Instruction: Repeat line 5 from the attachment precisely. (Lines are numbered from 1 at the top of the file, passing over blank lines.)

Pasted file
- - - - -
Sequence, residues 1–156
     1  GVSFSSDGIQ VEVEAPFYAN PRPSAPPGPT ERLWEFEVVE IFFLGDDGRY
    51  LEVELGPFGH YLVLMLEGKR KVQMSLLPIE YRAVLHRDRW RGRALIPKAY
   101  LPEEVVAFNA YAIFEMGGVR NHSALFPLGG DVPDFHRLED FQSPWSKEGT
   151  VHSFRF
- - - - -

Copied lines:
   151  VHSFRF